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Benjamin F. Armstrong. A man of high scholarship, Mr. Armstrong was for many years an able and popular representative of the pedagogic profession, and his initial service after coming to Indian Territory, in 1894, was as a teacher in the school at Valley View, Washington County, His gracious and popular wife is proud to claim a strain of Delaware Indian blood, and through her lineage became eligible for and received an allotment of land in Indian Territory, the same having proved specially valuable through the development of an oil well on the property, and the substantial financial status of Mr. and Mrs. Armstrong being largely based on the wonderful returns from this source. They own and occupy a most modern and attractive residence, eligibly situated on a tract of five acres adjacent to the city limits of Bartlesville on the south, and this fine residence, recently completed, is one of the most beautiful in Washington County, even as it is one of the most hospitable, with Mrs. Armstrong as its popular ch√Ętelaine. Mr. Armstrong was doubly orphaned when a mere child and became dependent upon his own resources before he had attained to the age of fifteen years. Ambition and high aspirations had their way, however, and that he has made good use of opportunities is shown by his high intellectual attainments and his mature judgment in practical affairs.
Benjamin Franklin Armstrong was born in Lee County, Arkansas, on the 26th of October, 1868, and is a son of James and Nancy (Davis) Armstrong, the former of whom was born in Ohio and the latter in Mississippi. Mr. Armstrong was but eighteen months old at the time of his mother’s death, and when he had attained to the age of four years his father likewise passed to the life eternal. Thereafter he was reared to the age of fourteen years in the home of a widow, Mrs. Wood, and in the meanwhile he acquired his rudimentary education in the public schools of his native state. At the age of fourteen years he went to Pea Ridge, Benton County, Arkansas, where he worked at various occupations, turning his attention to any employment that was within his powers and that he could obtain. He was fortunate on forming the acquaintance of Professor Robertson who was then teaching in an academy and who became a loyal and helpful friend to the aspiring youth. Mr. Armstrong remained with Professor Robertson seven years and in the meantime was able to advance his education into higher academic branches. He became specially proficient in mathematics and languages. For six months he was a student in Kane Hill College, Washington County, Arkansas, and Major Earl, who had been in charge of the institution for a quarter of a century, gave to Mr. Armstrong the credit of being the best mathematician of all students who had attended the college.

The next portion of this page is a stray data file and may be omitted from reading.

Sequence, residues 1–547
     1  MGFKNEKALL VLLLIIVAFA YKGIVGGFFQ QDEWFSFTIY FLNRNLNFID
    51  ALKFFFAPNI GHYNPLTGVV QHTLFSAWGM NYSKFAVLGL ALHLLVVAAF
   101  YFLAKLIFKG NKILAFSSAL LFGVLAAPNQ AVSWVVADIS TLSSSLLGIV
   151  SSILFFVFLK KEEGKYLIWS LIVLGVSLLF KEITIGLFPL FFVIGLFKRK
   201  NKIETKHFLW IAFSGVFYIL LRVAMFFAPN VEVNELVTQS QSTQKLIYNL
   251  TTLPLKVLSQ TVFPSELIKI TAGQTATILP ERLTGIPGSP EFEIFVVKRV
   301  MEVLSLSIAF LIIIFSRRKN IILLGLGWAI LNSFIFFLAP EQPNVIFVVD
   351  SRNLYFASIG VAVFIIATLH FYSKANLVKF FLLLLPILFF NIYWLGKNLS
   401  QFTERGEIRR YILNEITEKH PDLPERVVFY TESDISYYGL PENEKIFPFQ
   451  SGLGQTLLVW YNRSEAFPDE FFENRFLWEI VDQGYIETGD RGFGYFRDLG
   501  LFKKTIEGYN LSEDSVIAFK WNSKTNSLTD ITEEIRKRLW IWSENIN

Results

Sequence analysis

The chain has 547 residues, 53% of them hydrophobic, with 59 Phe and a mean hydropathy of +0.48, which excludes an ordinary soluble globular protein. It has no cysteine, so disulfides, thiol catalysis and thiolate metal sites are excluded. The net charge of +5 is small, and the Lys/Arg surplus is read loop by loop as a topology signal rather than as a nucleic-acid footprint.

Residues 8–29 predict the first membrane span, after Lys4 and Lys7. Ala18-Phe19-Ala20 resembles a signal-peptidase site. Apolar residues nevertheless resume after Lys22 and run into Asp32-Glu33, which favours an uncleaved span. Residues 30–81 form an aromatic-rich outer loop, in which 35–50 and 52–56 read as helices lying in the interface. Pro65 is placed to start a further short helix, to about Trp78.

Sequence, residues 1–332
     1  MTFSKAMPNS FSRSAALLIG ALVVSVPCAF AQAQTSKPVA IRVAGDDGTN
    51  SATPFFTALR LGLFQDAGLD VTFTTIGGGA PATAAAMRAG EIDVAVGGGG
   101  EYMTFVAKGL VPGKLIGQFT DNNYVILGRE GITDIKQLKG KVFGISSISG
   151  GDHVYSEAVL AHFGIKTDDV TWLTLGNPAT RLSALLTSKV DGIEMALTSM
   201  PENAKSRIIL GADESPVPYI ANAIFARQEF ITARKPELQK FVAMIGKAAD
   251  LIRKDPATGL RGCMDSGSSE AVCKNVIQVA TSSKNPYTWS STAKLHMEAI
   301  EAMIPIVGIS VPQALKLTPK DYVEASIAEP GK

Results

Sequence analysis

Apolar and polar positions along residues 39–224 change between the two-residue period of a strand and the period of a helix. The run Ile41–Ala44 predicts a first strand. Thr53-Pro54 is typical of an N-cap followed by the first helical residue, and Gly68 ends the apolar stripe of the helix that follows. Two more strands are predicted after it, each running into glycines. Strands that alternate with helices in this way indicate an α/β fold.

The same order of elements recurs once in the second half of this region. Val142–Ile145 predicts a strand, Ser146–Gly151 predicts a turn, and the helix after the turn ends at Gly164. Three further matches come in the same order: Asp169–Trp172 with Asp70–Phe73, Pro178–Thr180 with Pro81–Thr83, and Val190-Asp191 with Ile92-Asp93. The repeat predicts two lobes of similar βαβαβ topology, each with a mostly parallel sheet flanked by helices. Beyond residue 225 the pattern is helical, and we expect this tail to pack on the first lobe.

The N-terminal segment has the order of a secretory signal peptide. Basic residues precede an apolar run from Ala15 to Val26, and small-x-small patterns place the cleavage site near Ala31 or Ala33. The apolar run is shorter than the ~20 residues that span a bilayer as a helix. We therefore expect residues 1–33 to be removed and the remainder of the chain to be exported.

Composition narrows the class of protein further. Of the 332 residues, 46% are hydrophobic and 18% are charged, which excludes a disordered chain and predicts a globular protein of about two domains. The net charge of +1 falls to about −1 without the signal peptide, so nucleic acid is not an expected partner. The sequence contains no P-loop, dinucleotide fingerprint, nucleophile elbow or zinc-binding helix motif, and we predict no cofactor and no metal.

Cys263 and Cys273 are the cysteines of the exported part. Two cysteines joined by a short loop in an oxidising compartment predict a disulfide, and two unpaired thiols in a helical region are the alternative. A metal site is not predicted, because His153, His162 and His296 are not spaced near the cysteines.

For six years Mr. Armstrong devoted his attention to teaching in his native state, principally in Benton and Johnson counties. In the latter county he was for two years a teacher in a fine German colony, in which he gave instruction in both German and English, as well as mathematics.